Medication safety staff also identified that the widespread use of 100-unit insulin syringes could contribute to the failure to recognise an accidental overdose. In practice, doses of more than 50 units are rarely needed and the 100-unit syringes have now been replaced by 50-unit syringes.
When involved in the investigation of adverse incidents, pharmacists should look more deeply and widely, and not just at the event itself, and consider all the contributory factors, concluded Mrs Cavell.
Only 48% of nurses correctly identified a blood glucose level of less than 4mmol/l as being indicative of hypoglycaemia before the launch of hypoglycaemia guidelines, according to an audit by Fiona McFarlane and Lucy Devany (Wirral University Teaching Hospital NHS Trust). Other questions concerned the correct treatment and procedure for managing hypoglycaemic episodes. Nurses’ knowledge and awareness of the guidelines improved significantly six and 18 months after the launch of the guidelines and the introduction of hypoglycaemia boxes in all clinical areas. The authors noted that one in four patients with diabetes will experience a ‘hypo’ during their hospital stay and so inadequate management could have serious consequences.
An episode in which a woman suffered a fatal pulmonary embolism two weeks after giving birth prompted pharmacists at Hull and East Yorkshire Hospital NHS Trust to audit the level of compliance with the Royal College of Obstetricians and Gynaecologists guidelines for prevention of venous thromboembolism (VTE). Simon Gaines (Senior Principal Pharmacist, Clinical Services) and Huey Chong audited 100 records for post-natal women. The results showed that only 62% were risk-assessed using the Trust risk assessment document and that the correct treatment was prescribed for 86% of those who experienced a VTE. As a result of the study, pharmacists are now working with midwifery and medical colleagues to improve documentation, training and practice.
The Royal Pharmaceutical Society (RPS) Faculty was launched in June 2013 and exists to provide a common framework for professional development for pharmacists in all areas of practice. Peter Kopelman (Chairman of the RPS Faculty and Principal of St George’s, University of London) explained how the Faculty will work and the challenges that it faces in its first year. “The Faculty is supporting pharmacists to be the best they can be”, said Professor Kopelman.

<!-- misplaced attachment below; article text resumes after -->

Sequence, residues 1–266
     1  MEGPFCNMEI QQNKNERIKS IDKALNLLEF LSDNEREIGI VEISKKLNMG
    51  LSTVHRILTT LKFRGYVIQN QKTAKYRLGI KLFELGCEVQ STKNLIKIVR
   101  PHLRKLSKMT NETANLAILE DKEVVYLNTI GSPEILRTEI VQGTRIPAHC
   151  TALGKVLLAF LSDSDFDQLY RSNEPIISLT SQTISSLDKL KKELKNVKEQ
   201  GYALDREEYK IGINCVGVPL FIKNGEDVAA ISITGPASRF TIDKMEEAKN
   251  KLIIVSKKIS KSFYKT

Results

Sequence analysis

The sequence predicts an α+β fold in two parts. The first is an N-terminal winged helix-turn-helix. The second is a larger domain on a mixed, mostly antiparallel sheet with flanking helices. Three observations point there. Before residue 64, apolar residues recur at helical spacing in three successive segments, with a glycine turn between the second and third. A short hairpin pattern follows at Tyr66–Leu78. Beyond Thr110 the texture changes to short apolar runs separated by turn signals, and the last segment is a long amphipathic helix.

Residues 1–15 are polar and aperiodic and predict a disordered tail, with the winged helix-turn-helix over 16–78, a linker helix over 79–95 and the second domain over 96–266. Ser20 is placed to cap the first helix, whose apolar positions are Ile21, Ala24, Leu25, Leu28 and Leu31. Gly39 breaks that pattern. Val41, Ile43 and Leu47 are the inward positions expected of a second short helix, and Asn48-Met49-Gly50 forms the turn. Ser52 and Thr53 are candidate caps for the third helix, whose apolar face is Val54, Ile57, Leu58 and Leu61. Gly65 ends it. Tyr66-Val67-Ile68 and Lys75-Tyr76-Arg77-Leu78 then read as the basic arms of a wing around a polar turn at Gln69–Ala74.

The Faculty journey starts at the completion of foundation training. There are three stages of membership – stage 1, stage 2 and Faculty Fellowship – with advancement through an assessment process. The primary purpose of the Faculty is professional development and therefore there is no commitment to submit for assessment, emphasised Professor Kopelman. Fellowship status would normally be associated with leadership in an area of expertise at national or international level alongside a demonstrable breadth of experience and expertise. The UK Government wants to see the introduction of revalidation for all healthcare practitioners and, following the establishment of the Faculty, the RPS is now in a strong position to address this, he explained.
A number of challenges exist for the Faculty. Within the profession, pharmacists do not want to ‘punch above their weight’ and are sometimes reluctant to embark on the Faculty journey. The older generation of pharmacists needs to be reassured about the processes of accreditation and advancement. On the other hand, the younger generation is optimistic and the major challenge will be to meet its aspirations.